Primary Activities: 1. Work closely with a stakeholders group consisting of representatives from the Council, Lottery (includes several key employees including RG manager, Public Relations manager, Research manager, and product managers), Health Authority (including the PGS manager and the Prevention manager along with their sub-contracted data manager/evaluator and helpline director), and Voices of Problem Gambling Recovery. This group (known as the "Partners Group") meets face to face monthly for three hours to review and vet advertising and marketing and to develop mechanisms where data from all partners can be merged to better understand, monitor, and improve the statewide efforts for prevention and treatment. One of the products of this group has been the development of the Oregon Problem Gambling Resources, a branded effort to centralize information and resources on a website for partners, consumers, and the general public. 2. Through a workforce development contract with OHA/PGS, the Council continues to subcontract with Lewis & Clark College to continue to develop and implement two educational curricula (basic and advanced) that are 30 hours each to provide opportunity for Oregon counselors to obtain and maintain their certification. These courses are a combination of on-campus and on-line modules facilitating statewide access. Additionally, the College has been contracted to develop a minimum of nine hours of online training to help inform and certify clinical supervisors who do not have specific gambling education/experience to meet state minimum standards. 3. Through the Workforce contact the Council continues to provide highly experience local consultants that are used to support agencies where there are new employees or where there are organizational development needs identified. 4. The Council is also contracted by OHA/PGS to assist in the design, preparation, and implementation of conferences and the distribution of scholarships to individuals in the smaller, rural agencies where training and travel funding is severely limited. 5. During the past year there has been little statewide political activity regarding gambling consisting of only a few inquiries from legislators. The Council has also reached out this year to federal legislators a few times during the year in support of NCPG efforts (military and DFS). 6. It should be noted that the Council did not have a very active role in Problem Gambling Awareness Month this year since all of our partners (and Board Member agencies) were very active in every county in the state. 7. It must be noted that Oregon has a very active help line that officers IM, Chat,Text, Phone, etc., but under a contract to the provider and not through the council. In 2019, OCPG provided over $190,000 in workforce development funding and scholarships to train Oregon problem gambling service treatment and prevention providers throughout the state.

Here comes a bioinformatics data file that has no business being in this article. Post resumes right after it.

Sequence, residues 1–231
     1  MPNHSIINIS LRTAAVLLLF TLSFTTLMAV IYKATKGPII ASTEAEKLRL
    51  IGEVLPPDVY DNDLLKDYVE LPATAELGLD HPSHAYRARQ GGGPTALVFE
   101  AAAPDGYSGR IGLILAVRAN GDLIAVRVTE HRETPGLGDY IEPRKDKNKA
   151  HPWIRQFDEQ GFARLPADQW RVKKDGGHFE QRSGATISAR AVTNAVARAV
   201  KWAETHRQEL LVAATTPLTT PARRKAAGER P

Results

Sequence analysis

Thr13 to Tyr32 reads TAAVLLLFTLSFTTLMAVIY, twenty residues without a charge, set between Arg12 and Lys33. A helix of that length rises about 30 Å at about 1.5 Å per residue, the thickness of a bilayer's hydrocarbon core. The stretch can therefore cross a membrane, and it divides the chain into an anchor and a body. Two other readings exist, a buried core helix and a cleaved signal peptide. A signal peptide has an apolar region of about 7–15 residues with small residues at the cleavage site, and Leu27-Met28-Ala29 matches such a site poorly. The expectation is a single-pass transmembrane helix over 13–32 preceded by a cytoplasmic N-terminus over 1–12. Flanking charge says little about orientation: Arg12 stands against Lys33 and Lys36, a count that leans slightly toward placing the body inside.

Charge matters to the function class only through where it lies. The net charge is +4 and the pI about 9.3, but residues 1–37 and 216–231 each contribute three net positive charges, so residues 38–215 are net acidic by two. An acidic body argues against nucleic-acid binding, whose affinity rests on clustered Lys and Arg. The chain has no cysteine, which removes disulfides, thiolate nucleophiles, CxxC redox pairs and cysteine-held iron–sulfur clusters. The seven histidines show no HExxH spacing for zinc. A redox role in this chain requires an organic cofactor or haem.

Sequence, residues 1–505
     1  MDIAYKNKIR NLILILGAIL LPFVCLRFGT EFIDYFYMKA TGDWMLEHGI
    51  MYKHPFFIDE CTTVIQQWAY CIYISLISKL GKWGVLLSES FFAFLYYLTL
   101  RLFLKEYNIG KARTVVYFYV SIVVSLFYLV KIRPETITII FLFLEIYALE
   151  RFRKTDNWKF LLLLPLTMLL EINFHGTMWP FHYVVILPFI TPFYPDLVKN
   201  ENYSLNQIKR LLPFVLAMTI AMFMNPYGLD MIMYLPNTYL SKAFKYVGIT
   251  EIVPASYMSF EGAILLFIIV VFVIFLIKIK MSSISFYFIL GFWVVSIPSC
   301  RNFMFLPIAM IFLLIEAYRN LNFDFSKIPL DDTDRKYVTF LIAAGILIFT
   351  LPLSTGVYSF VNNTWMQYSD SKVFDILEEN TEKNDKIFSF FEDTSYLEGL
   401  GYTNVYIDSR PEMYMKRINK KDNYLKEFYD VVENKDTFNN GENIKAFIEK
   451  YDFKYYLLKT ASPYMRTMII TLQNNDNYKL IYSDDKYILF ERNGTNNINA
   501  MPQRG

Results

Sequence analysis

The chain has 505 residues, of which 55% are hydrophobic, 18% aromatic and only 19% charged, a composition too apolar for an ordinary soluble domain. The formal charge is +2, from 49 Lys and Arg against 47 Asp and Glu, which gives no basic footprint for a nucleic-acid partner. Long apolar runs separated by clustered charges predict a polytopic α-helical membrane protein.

External Reviews

Financials

Oregon Council On Problem Gambling

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Operations

The people, governance practices, and partners that make the organization tick.

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  • Forms 990 for 2019, 2018 and 2017
  • A Pro report is also available for this organization.

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Board Leadership Practices

GuideStar worked with BoardSource, the national leader in nonprofit board leadership and governance, to create this section, which enables organizations and donors to transparently share information about essential board leadership practices.

SOURCE: Self-reported by organization

BOARD ORIENTATION & EDUCATION

Does the board conduct a formal orientation for new board members and require all board members to sign a written agreement regarding their roles, responsibilities, and expectations?

Not Applicable

CEO OVERSIGHT

Has the board conducted a formal, written assessment of the chief executive within the past year?

Not Applicable

ETHICS & TRANSPARENCY

Have the board and senior staff reviewed the conflict-of-interest policy and completed and signed disclosure statements in the past year?

Not Applicable

BOARD COMPOSITION

Does the board ensure an inclusive board member recruitment process that results in diversity of thought and leadership?

Not Applicable

BOARD PERFORMANCE

Has the board conducted a formal, written self-assessment of its performance within the past three years?

Not Applicable